Flick is credited as an excellent communicator, too, and he was regularly left to have difficult conversations with players during his spell as the No. 2 to German national team handler Joachim Low. His man-management skills were evident as Bayern’s previously disgruntled dressing room turned into a tight unit under his watch. Lewandowski’s continued excellence is a credit to Flick’s relationships with his players.


In previous years, Lewandowski wasn’t the easiest footballer to handle. He’s supposed to be quiet off the pitch, an exemplary professional in every aspect of his life. But his career has been punctuated by contract sagas, last year’s training-ground scuffle with Kingsley Coman, and, peculiarly for someone who chases individual scoring titles, complaints about his workload.

“It would be good if I could have a bit more rest,” Lewandowski said in 2017. “No player can play for 90 minutes every three days all season.”

Lewandowski’s goals kept Kovac in a job longer than many Bayern fans wanted, and his remarkable scoring rate endured when Flick took over. But he’s unlikely to call for time on the sidelines now. Lewandowski backed Flick to get the job for a longer term after only two matches, crediting the coach’s tactical acumen and popularity with the squad, and he’s flourished in a system that predominantly focuses on dominating opponents rather than nullifying them.

Lewandowski hasn’t missed more than three matches in a row since moving to the Bundesliga in 2010. Now 32, why shouldn’t he benefit from his supreme fitness by playing in the majority of games?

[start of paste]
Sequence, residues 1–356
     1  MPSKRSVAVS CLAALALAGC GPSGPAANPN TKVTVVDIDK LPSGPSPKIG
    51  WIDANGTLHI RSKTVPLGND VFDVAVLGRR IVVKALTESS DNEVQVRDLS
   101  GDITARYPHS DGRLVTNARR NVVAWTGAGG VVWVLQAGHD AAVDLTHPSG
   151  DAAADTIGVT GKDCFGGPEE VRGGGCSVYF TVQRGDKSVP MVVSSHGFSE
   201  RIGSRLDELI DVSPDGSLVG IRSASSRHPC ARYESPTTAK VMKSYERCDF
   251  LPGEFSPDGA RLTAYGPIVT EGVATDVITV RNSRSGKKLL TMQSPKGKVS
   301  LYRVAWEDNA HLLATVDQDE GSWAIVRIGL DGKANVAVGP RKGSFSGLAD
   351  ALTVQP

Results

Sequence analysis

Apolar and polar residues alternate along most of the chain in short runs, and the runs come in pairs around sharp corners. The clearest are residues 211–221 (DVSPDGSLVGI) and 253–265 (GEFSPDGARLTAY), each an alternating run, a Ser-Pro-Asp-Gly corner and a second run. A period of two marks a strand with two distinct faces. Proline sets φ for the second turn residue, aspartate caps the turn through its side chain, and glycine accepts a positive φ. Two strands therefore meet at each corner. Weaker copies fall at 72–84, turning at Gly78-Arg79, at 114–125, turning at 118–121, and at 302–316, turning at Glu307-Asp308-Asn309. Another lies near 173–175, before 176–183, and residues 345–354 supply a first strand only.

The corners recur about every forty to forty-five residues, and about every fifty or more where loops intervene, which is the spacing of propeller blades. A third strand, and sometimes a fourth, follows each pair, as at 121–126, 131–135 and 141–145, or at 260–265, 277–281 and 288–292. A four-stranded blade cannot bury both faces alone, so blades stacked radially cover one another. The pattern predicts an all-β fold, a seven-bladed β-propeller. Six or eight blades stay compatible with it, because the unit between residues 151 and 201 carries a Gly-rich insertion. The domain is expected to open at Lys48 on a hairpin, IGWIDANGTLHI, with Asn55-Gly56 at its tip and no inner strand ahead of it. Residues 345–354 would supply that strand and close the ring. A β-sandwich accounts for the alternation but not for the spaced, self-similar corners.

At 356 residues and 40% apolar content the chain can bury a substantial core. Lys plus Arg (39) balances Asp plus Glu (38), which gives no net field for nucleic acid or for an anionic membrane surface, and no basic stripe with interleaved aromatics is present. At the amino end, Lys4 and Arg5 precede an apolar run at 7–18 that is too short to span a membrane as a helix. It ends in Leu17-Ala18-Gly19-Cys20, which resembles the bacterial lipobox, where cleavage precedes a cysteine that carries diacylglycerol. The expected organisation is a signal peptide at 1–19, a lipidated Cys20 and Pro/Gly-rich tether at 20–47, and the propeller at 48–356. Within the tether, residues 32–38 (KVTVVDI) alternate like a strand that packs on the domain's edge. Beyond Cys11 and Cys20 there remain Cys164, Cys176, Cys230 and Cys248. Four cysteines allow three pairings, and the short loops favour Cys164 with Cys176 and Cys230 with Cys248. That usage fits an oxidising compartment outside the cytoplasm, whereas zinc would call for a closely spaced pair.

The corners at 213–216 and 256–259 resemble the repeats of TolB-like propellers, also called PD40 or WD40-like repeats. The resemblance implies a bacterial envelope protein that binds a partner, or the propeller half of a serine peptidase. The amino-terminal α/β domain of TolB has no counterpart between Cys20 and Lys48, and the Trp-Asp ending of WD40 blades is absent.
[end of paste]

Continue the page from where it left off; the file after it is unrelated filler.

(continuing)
picture alliance / picture alliance / Getty

Flick made other changes that appeased the club’s hierarchy and supporters. Salihamidzic had to persuade the board to part with a potential €19-million fee for Alphonso Davies, and Flick had the bravery to rely consistently on the young Canadian’s ferocious pace from left-back. Thomas Muller was considering his future at the club before Flick succeeded Kovac, but he’s since set a new record for assists in a single Bundesliga campaign.

The very notion of Kovac phasing Muller out of the club was sacrilegious.

“Thomas Muller belongs to Bayern Munich like Oktoberfest does to Munich,” Herbert Hainer, Hoeness’ successor as club president, said in April.

The lanky veteran became – in Flick’s words – the “coach’s right-hand man” through his barked tactical instructions during matches, and he excellently led Bayern’s aggressive press in the Champions League final against Paris Saint-Germain.

Bayern Munich won Sunday’s showdown in true Flick fashion. Der FCB gleaned results from poor performances through individual brilliance during Kovac’s stint, but Bayern’s triumph over PSG was built on a tireless, cohesive showing. The press was impeccably coordinated, the high defensive line was dogged, and the goal was an incisive, slick team move that required risk and imagination.

Bayern didn’t need to lean on Lewandowski to make the difference, nor did they obsess over how to stop PSG. They took control of the game from the start, playing it on their own terms. They played like champions.